Like many of today's best novelists, Stephen J. Cannell has a political agenda to exploit in telling his story. Many people don't yet realize that the Patriot Act provides the kind of unlimited government powers that the 13 original colonials decided to separate from by revolution. If you put enough arrogant people in place who don't know what they are doing, the results can be pretty distressing. That's the major message of this book.
If you are looking for a police procedural, you'll find this story mainly interesting for its development of two key characters, Shane Scully and his partner, by the actions they take (or don't take). You'll feel like both characters are interesting and that what they do mostly rings true. For the rest of the characters, it's mostly card board and cameo roles. The investigation is severely compromised from the beginning by press interest, political pressure and police bureaucracy. Many of the "breaks" in the case seem a little dubious in terms of their probabilities.
If you are like me, you'll think that a "cold hit" is an assassination done for money (or something like that). In police parlance, a cold hit is an identification of a weapon used in two separate crimes . . . separated by some time. The ballistics evidence in this case gradually points the investigation in the right direction.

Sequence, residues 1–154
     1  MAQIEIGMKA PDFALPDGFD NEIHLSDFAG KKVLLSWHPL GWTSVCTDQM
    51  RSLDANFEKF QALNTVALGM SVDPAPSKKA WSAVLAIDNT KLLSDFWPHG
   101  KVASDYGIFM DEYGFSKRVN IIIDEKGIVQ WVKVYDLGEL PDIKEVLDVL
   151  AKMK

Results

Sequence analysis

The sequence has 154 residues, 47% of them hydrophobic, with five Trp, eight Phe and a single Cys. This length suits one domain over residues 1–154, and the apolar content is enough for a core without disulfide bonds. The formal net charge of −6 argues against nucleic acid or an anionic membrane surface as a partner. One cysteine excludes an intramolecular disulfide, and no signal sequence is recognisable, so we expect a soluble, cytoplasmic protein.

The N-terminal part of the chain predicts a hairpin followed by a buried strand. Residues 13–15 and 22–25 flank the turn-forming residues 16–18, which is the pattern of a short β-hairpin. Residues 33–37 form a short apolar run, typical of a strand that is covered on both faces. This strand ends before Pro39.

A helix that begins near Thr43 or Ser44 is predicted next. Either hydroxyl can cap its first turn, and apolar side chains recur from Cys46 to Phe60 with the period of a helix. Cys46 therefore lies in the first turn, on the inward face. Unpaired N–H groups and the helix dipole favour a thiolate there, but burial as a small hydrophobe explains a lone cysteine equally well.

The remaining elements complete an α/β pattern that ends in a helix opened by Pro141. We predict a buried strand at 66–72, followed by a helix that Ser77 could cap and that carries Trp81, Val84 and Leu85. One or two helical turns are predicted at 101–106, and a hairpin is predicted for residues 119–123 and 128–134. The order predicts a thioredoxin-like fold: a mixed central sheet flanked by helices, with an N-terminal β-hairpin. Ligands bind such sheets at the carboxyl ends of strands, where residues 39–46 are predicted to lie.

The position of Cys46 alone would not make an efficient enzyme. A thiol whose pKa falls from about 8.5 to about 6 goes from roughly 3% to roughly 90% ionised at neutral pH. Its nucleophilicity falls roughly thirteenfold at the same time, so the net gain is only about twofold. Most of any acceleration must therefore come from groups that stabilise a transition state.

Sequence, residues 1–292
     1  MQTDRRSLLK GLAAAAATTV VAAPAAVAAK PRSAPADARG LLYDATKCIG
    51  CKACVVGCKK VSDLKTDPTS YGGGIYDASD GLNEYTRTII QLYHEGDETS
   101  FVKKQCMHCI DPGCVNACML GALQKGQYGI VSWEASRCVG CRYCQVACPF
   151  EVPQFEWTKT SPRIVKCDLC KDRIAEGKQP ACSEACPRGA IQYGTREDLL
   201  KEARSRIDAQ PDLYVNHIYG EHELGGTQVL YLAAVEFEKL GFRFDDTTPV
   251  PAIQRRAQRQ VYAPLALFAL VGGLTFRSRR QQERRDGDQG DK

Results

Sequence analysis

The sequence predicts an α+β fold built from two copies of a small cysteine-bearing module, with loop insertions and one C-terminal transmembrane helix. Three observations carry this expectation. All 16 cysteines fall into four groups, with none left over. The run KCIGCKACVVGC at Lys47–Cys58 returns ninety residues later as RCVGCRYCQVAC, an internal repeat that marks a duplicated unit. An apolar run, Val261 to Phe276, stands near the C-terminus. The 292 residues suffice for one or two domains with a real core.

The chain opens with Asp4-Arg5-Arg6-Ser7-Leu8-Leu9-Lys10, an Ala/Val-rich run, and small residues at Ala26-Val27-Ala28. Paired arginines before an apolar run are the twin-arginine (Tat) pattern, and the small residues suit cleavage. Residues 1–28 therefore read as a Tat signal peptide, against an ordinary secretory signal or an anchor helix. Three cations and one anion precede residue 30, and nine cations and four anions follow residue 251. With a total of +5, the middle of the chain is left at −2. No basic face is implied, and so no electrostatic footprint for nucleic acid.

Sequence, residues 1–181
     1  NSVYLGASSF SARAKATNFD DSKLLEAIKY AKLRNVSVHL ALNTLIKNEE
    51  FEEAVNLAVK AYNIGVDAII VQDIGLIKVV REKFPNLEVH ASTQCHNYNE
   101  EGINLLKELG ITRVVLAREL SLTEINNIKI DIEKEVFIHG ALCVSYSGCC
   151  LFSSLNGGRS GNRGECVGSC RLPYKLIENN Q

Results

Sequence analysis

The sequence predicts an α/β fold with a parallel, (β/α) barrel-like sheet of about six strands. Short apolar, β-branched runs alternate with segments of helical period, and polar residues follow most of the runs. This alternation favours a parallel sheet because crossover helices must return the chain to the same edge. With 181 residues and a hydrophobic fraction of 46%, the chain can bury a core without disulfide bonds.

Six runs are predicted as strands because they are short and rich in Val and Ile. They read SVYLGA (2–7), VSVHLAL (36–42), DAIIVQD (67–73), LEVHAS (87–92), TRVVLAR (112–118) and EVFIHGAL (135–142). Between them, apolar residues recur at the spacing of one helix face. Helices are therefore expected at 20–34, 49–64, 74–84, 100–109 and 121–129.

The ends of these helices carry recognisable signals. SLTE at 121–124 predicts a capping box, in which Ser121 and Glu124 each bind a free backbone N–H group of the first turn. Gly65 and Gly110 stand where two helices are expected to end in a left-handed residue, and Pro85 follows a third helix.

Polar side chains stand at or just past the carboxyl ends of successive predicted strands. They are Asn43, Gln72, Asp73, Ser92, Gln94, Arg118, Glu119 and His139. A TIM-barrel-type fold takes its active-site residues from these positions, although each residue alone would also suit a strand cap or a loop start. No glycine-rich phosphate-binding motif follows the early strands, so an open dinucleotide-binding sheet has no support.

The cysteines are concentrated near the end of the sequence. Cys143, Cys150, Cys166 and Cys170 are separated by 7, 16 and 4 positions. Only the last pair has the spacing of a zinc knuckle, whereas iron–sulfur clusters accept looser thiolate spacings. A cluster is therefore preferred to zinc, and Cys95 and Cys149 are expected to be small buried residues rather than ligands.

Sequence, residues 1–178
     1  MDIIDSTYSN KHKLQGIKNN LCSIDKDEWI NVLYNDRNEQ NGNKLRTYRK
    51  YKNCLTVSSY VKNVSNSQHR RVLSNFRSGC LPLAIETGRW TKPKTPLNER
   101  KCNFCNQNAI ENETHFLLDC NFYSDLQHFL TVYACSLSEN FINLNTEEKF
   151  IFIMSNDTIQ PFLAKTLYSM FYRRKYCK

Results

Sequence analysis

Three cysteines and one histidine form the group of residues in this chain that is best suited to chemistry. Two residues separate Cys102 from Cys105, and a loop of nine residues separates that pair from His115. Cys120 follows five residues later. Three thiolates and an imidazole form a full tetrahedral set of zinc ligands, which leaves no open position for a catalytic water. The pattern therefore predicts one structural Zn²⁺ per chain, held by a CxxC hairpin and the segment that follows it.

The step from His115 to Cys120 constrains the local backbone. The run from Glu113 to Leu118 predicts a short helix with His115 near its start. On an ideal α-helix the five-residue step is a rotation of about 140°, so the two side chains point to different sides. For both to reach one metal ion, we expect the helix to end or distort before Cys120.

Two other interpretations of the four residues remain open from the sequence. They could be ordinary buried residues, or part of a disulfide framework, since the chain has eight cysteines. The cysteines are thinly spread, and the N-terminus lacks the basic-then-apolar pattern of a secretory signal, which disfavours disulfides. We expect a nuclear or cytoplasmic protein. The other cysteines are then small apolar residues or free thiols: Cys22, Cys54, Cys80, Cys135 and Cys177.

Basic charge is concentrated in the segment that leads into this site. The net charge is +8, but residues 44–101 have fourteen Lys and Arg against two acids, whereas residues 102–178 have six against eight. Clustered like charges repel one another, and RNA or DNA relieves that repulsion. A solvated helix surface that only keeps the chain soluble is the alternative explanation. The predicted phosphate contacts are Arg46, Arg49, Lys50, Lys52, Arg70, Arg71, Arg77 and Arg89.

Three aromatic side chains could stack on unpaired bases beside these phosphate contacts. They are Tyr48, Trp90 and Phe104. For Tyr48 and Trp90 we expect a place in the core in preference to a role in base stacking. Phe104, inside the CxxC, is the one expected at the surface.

I found the plot development to be noteworthy in a couple of ways. First, Scully is allowed to be a human being . . . with weaknesses, mistakes, distractions and other limitations. Second, we get to find out what he's like outside of work.
I'm not sure that the plot complication of having Scully ultimately working for his wife is credible and valuable for story-telling, but you have to admit that it's an unusual approach.
Ultimately, the book succeeds because Mr. Cannell is a solid story teller who knows how to get our attention with unexpected events and confrontations that move the plot along at an ever stronger pace.